Breaking Barriers to Get Your Message Online

YourHealthYourWagEx3Your organization’s website is likely its lobby to the world, with gateways to pages that convey its historical rise to its current value proposition. For brand consistency and streamlined access, the best practice is to have a single website but sometimes I don’t find this viable.

If you’ve  ever tried to “renovate” or add an item/page to your website for a valid purpose, only to be halted by a rigid platform, a tight budget, limited resources or a backlog of other priorities — you know what I mean.

Blogs are noted for their flexibility and capacity to go into overtime when a crisis occurs, while your website or traditional channels may be too slow or inaccessible. The same premise applies to using a blogging platform to create a “pop-up” micro site, for a short-term need or a “workaround” to the main website.

TrilliumHallEgWhen do you need a pop-up microsite?  What about when…

  1. You need to promote an event in a tight time frame (such as a first-time public information event targeted at local residents)
  2. You need to launch an unconventional application or brand extension for your product or service (such as a multimedia venue a hospital wants to market to “healthy” people)
  3. You anticipate multiple updates for a quick pace build or a tiered campaign roll-out (such as a conference assembled in an insane time frame with fluctuating abstracts and speakers joining at a staggered pace)

For mavericks who “dare to challenge” convention, a pop-up site can also serve as a workaround for the above or other scenarios when your main website is:

  • Governed by an umbrella organization and your initiative is sure to exceed the pages, resources or customizations allocated to your division, department or franchise.
  • Hopelessly hard-coded and long overdue an upgrade
  • Managed by limited resources, with many requests ahead in the queue.

SustainPlantExI’ve turned to WordPress to quickly and efficiently build a micro site as a central communications conduit for some of the above scenarios and more.   [Here are the steps I’ve followed to create a pop-up site in WordPress but you can likely do the same in other blogging platforms.] Be sure however to check WordPress.com policies before you start to ensure you conform and there’s no surprises.

Have you created a microsite to meet a short-term or other need? Have you had success in other platforms? What challenges did you face? When do you think a pop-up site can prove invaluable and when should it be avoided?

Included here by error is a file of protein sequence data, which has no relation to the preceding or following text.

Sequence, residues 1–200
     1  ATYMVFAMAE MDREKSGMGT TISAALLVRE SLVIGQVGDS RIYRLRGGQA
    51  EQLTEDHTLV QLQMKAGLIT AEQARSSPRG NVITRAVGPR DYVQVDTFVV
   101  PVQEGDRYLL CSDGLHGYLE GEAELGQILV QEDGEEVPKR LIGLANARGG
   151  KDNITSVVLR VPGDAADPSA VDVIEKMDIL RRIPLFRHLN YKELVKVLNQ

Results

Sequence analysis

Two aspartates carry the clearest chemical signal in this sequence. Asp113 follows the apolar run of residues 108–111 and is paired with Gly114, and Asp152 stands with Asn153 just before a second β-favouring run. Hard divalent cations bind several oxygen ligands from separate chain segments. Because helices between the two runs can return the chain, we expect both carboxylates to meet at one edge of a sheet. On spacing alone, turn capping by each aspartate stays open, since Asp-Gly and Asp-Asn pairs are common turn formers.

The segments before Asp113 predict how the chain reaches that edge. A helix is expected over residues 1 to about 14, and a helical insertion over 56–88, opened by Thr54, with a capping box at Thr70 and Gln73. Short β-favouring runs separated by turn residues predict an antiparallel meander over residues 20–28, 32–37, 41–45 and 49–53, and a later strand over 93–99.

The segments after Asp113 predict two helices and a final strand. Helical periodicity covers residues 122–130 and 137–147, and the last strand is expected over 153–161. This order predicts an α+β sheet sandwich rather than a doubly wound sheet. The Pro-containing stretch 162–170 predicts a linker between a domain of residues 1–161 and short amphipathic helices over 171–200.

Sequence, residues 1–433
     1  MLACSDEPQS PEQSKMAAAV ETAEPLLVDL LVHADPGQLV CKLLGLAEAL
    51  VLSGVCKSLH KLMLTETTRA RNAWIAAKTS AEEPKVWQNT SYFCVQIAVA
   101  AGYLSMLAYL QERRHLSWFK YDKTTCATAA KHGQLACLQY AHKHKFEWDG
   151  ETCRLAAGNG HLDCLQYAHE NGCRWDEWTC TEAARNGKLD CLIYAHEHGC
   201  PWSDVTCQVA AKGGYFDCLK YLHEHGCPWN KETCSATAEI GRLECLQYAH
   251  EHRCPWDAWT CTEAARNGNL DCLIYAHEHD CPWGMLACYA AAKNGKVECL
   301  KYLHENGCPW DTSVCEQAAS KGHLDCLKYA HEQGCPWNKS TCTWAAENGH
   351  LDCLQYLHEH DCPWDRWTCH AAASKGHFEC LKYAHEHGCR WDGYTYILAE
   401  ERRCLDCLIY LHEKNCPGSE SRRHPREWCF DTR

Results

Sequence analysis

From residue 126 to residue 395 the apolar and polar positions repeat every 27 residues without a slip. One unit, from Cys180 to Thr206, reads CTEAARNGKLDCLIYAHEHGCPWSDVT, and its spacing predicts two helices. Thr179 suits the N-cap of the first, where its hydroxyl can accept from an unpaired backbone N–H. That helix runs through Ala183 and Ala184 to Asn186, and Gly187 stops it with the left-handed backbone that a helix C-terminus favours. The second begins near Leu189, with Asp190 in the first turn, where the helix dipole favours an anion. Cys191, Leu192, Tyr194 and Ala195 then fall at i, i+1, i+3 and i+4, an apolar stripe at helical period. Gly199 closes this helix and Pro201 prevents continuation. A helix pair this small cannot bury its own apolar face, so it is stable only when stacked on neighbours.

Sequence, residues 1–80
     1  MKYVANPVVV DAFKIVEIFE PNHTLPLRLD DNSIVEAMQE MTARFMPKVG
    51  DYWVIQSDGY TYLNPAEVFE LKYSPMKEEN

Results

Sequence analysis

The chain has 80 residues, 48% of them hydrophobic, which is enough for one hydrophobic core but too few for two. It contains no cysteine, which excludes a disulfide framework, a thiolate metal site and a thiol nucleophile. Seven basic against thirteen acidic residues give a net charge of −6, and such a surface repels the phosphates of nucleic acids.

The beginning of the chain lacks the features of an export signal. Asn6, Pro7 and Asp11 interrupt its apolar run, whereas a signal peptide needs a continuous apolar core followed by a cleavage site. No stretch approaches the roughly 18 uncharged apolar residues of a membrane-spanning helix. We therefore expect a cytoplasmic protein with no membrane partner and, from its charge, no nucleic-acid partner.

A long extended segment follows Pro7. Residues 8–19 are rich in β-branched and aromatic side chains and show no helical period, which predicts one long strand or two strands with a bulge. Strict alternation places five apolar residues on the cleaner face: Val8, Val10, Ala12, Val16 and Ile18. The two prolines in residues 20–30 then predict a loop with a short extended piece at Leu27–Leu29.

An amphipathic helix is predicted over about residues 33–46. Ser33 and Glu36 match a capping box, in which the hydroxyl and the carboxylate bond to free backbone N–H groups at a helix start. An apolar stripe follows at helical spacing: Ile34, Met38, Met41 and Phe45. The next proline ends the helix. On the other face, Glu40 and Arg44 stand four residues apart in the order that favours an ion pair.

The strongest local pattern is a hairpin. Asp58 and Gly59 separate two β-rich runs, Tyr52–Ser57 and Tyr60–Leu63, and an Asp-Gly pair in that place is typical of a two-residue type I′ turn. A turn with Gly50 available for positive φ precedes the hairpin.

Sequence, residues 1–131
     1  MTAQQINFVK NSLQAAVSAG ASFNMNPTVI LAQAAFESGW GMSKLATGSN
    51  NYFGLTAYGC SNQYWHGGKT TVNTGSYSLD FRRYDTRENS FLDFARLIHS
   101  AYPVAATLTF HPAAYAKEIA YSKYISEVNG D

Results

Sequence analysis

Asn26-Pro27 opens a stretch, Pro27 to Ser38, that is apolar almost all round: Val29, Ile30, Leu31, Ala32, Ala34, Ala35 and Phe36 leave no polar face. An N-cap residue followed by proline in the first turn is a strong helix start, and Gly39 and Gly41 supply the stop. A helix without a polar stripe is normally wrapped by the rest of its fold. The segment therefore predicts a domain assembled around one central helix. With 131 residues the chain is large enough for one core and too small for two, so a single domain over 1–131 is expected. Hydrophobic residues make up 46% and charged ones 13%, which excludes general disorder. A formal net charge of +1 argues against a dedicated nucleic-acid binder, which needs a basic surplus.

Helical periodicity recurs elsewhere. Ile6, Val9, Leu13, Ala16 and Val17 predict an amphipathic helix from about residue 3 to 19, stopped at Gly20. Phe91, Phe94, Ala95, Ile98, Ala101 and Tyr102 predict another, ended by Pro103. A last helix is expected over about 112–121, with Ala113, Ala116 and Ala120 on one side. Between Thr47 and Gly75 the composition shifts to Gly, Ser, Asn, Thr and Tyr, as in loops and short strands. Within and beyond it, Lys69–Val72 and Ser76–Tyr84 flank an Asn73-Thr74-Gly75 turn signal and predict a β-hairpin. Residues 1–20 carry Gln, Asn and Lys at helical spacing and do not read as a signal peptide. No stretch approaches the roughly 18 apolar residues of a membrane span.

Should Curbing Violence Start with Words?

This summer, we’ve been horrified by tragic mass shootings in Wisconsin and Colorado.  Closer to home, several senseless gunfire incidents have jolted Toronto. We shake our heads, grieve for the victims and then move back to business.

The problem is business, particularly marketing, often means talking about the new killer app, killer collection or even killer strategies, which if executed well, will generate multiple hits and create die-hard fans. Sometimes we reduce the impact to just assault with a genteel alternative, such as “kick-ass,” as in kick-ass campaign but it’s still hostile. And as the scope widens, we talk about “ad wars” and “annihilating the competition.”  Similarly when a firm’s reputation is on the line, we set-up a “war room.”

I don’t think this practice is exclusive to English.  I once discovered “blood bath” and other violent terms peppered throughout business copy I was editing for an Asian client.  As blood bath didn’t suit North American business conventions, I substituted with more precise terms to describe the urgency and high stakes. (The client described my editing as “making it more polite.”)

Sure business is competitive and a successful approach stands out and is often extreme but must it be aligned with murder or violence?

More importantly: what’s the fallout of violent rhetoric?  In the wake of the 2011 Tuscan shootings, Rev. Barbara Kaufmann covered this practice in a Huffington Post article and how it is often subtly or subliminally used in marketing to prompt action or even aggression.  She also cited Deborah Schaffer, a Montana State University professor who has studied inflammatory and prejudicial speech since the nineties and states that “language can be used to stir up and manipulate emotions…sometimes for good, sometimes for evil.”

Am I reading more into the marketing language we frequently use with no ill intentions? Maybe. But in a world where we are starting to recognize how bullying scars a child for life (or worse) and unprovoked shootings appear to be rising, maybe it’s time we took violence out of the marketing vernacular.

An IABC colleague once pondered different ways say awesome. Maybe it’s time to take this further and seek alternatives to “the killer approach.” What about scratching the surface with….

  • the Ultimate, Ideal, Exemplary or Definitive or ….versus the killer app, collection or strategy?
  • Opportunities, References, Exposure points or …. versus earned media hits?
  • Extreme, Lifelong, Enduring, Resolute or …. versus die-hard fans?
  • Insight hub, Pulse Room, Information Centre or …. versus war room?

What alternatives can you suggest? Where else can we address violence in marketing lingo?